Local government and school support workers “locked out” of recovery
A UNISON survey of 1,700 local government and school support workers has painted a picture of a demoralised workforce that feels locked out of the so-called economic recovery. The results reflect the growing anger of members who walked out last month over yet another below inflation (1%) pay offer. More than 600,000 UNISON members are set to strike again in the autumn, unless a solution can be found to break the deadlock over pay.
Pay freezes in 2010, 2011 and 2012 and below inflation rises in eight of the last seventeen years, has seen pay for some local government and school workers returning to the level of the 1990s. The impact on members’ finances shows up sharply in the survey results, with 96% saying they have been forced to cut back on the amount they spend on household items over the past year.
85% have slashed the amount they spend on general living costs, 75% are spending less on their food shopping, while 59% are turning off or down heating to cut back on the amount they spend on energy costs.
95% believe the so-called economic recovery is mainly – or only – benefiting people who are already well-off.
UNISON Head of Local Government, Heather Wakefield, said:
“Local government and school supporters are locked out of the so-called economic recovery. Their living standards and social lives are being slashed and their ability to engage fully in society is being undermined. This is bad not only for staff but for the millions of people, including children and the elderly, who rely on their services every day.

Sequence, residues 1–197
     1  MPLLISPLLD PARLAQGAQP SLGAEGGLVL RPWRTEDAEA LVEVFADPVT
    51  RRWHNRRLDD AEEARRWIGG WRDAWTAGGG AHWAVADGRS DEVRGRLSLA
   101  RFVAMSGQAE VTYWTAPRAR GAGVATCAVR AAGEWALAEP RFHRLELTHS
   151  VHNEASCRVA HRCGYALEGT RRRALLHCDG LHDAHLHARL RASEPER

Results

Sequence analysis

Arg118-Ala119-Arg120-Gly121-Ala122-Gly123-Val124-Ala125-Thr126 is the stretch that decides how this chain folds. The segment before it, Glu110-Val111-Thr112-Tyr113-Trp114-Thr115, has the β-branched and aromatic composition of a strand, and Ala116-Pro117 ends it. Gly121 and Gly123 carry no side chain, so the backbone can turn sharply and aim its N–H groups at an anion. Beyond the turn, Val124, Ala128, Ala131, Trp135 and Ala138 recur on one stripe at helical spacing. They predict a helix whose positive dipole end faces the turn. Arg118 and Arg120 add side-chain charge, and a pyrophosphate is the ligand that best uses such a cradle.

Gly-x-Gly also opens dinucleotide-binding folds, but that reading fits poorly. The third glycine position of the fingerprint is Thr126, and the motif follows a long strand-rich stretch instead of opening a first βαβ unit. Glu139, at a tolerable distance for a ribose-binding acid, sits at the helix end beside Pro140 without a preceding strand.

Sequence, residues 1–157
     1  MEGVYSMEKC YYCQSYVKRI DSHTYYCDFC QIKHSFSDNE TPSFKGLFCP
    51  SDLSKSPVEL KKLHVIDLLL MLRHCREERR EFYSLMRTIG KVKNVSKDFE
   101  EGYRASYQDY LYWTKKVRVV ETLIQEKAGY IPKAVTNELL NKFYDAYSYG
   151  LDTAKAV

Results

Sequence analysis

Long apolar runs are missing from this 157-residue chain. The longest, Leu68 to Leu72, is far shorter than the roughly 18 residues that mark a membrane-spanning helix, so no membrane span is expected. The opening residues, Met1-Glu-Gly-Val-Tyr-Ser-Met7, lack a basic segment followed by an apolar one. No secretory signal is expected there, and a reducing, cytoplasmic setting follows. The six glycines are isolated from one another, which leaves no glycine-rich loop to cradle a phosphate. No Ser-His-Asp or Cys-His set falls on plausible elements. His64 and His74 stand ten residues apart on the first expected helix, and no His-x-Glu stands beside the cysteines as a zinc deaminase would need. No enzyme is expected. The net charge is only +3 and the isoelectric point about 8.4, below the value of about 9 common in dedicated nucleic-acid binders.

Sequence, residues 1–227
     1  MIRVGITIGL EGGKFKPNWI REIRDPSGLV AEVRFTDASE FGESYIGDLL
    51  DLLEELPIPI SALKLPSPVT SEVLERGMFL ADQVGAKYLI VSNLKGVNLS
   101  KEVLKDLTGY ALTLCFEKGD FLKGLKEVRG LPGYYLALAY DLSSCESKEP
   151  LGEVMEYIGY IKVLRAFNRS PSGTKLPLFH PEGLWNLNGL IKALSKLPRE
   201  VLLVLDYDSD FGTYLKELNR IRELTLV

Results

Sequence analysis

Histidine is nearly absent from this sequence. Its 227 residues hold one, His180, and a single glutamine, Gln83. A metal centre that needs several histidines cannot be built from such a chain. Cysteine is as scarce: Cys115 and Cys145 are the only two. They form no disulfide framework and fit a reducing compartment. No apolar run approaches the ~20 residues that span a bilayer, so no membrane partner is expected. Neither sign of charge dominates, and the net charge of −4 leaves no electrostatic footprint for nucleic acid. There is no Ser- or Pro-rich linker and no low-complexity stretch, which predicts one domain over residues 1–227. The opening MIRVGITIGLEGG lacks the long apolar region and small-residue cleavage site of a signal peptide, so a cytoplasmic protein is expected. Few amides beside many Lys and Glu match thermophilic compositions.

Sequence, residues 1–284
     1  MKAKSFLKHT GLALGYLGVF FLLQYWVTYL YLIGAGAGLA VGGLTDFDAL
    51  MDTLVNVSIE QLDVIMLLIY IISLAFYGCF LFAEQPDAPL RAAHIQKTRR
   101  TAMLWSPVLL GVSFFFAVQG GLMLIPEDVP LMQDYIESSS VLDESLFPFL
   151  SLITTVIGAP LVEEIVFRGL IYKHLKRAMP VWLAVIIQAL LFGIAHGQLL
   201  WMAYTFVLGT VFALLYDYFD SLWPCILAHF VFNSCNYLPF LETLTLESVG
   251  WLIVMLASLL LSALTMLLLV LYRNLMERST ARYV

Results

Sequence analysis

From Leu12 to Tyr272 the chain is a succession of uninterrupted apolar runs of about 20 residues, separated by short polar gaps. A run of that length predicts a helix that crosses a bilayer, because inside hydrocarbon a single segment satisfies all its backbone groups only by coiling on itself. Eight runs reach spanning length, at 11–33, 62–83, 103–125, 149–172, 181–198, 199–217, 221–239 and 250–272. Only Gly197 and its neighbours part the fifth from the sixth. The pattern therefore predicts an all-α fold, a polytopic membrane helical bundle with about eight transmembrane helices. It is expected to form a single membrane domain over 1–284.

“Our members have borne the brunt of the government’s austerity agenda through massive cuts to council budgets and an 18% cut in their pay. If the economy really is improving, then workers who keep our vital local services and schools running should get a decent pay offer this year.
“Another above-inflation hike on rail travel this week will continue to squeeze many household budgets to bursting point. It is about time the employers got back round the negotiating table with a fair offer to avoid the prospect of further strike action.”
36% of those surveyed said they are struggling to make ends meet. 60% admitted that their debts have increased over the past year, with 7% revealing they are experiencing serious financial problems.
Stress levels are running high, with 70% saying that stress at work is affecting both their job performance and their personal lives.
The survey also found that 56% of workers have not been able to afford to take a holiday over the past year.
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